Sponsor spotlight: Do men tend to overlook health issues?

Dr. Sang Won

Do men tend to overlook health issues?

Dr. Sang Won, who treats men of all ages, says that may just be a stereotype. Still, he encourages men to be attentive to their health, and offers tips on practical daily steps and regular screenings.

“It’s never too late to begin routine checkups to stay on top of your health,” he says. “In my Family Medicine practice, young, healthy men 30 years and up typically see me every three years. Men 50 and older tend to come in annually, just to make sure everything is in range and doing okay.”

Six steps to stay healthy

1)  Keep physically activity. “I recommend at least 20 minutes of aerobic exercise each day. You can jog, swim, walk—anything that gets your heartrate up and makes you sweat.“

2)  Maintain a healthy weight. Body mass index (BMI) is calculated with weight and height. “We want a BMI under 25. If it’s not, we’ll talk about ways to change your lifestyle and create a plan.”

3)  Eat balanced meals. “Meals are often a favorite part of each day—but there are healthy foods and not so healthy foods! Focus on a low intake of saturated and trans fats. Then balance protein, fiber and carbs—at a 1:1:1 ratio, you are heading in the right direction.”

4)  Monitor alcohol consumption. “For men, if you have two or more drinks per day, consider cutting down, or reevaluating your relationship with alcohol. If this is a struggle, talk with your doctor who can provide support.”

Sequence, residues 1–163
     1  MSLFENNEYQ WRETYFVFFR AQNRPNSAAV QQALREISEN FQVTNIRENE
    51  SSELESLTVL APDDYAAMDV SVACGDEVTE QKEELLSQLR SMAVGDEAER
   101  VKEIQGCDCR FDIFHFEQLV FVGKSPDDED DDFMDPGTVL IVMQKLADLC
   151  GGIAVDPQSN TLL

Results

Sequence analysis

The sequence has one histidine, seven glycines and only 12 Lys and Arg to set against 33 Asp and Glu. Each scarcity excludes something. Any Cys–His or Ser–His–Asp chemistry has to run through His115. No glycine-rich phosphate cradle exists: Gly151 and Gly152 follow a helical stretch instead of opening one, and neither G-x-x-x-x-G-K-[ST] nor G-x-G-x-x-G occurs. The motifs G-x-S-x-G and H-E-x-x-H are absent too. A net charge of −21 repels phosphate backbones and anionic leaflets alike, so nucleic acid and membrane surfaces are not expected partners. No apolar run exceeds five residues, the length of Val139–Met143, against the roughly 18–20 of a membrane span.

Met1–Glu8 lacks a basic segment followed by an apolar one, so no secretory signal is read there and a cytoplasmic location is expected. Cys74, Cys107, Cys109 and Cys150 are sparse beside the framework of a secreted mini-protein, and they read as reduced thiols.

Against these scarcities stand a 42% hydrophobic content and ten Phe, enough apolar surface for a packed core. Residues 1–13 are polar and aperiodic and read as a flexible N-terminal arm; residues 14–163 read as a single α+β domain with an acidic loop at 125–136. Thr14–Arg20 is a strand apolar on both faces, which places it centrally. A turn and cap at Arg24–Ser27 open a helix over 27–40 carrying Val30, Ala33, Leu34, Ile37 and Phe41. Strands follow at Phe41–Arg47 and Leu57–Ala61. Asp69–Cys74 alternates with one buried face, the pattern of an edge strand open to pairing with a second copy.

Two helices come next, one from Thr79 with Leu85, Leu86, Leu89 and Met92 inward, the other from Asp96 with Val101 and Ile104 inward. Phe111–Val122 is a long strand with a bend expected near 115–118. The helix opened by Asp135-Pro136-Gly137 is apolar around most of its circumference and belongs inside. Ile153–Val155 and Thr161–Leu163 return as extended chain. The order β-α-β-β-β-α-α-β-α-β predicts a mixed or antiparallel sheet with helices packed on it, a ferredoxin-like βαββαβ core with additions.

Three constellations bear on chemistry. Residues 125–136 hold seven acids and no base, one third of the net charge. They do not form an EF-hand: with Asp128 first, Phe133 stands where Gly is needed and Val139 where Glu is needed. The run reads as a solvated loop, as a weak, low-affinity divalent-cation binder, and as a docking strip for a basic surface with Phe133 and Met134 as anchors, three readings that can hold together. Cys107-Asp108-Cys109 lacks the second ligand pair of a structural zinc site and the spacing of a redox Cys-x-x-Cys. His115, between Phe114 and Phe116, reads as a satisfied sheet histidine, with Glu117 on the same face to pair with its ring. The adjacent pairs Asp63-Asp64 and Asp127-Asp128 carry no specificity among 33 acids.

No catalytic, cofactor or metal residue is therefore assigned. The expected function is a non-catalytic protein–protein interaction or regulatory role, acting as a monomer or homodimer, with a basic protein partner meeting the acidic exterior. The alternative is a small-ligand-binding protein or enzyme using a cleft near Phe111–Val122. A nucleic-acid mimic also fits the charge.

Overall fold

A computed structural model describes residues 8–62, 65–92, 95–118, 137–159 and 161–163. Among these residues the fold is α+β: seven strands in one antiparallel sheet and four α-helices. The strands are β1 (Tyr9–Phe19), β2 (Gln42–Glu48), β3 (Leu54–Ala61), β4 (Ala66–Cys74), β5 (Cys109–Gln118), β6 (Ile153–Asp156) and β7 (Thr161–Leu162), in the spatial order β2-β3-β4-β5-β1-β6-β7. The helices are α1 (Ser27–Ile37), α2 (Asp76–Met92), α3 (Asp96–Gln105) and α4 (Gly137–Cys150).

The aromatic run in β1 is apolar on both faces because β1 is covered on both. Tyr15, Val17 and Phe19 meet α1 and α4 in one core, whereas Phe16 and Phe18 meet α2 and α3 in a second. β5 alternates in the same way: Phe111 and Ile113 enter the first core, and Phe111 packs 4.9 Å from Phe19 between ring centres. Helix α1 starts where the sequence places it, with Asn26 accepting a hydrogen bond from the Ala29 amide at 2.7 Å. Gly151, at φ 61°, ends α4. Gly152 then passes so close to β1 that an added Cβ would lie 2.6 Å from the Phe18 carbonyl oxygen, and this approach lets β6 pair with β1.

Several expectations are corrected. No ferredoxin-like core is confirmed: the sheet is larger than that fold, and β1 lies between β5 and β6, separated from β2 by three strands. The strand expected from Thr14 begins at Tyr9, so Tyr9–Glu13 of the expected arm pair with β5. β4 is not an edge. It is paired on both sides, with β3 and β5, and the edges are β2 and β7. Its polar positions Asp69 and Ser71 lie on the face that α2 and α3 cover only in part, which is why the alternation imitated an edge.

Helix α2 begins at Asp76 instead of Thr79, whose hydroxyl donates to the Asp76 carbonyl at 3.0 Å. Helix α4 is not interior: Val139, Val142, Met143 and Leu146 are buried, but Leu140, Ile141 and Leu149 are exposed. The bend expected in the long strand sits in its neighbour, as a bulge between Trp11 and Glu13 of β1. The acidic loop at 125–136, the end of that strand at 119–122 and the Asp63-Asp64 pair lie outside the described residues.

5)  Watch blood pressure (BP). You can do this yourself, with a BP cuff at home, or at a local pharmacy. “The goal is below 130/80,” Dr. Won explains. “If too high, try lowering salt intake, cut out caffeine and soda, and increase exercise. Give it a few weeks. Still too high? I suggest visiting your doctor.”

6)  Keep up with vaccinations. “Men do tend to play these down, but prevention is certainly better than getting sick,” says Dr. Won.

Some quick guidelines:

  • Tdap booster every 10 years for tetanus, diphtheria and pertussis (whooping cough)
  • HPV by age 45, to avoid penile cancer and papillomavirus
  • Shingles age 50 and older to prevent this viral infection that creates a painful rash
  • COVID-19 vaccine to protect individuals and their community

Three-phase approach to cancer screenings 

“I think once you start aging, and you start having new aches, you may wonder, ‘Is my body falling apart?’” Dr. Won says, with a smile. “At age 45, I recommend men start routine cancer screening.”

The recommended start age for colon cancer screening is now 45. The best screening method is a colonoscopy, which is done by a gastroenterologist.

Lung cancer screening isn’t for everybody. But if you smoke now or quit in the past 15 years, you should talk to your doctor. “We can discuss your age, your history and ‘pack-years,’ and what’s best for you.”

For prostate cancer screening, Dr. Won says, “I generally start screening at age 50 and up to 70. Also, if you are having any unusual urinary symptoms, it’s time to see your doctor.”

Dr. Won is accepting new patients at PacMed Lynnwood, 19401 40th Ave W Suite 230. Make an appointment at www.PacMed.org or call (425) 744-7153.

— Sponsored by Pacific Medical Centers

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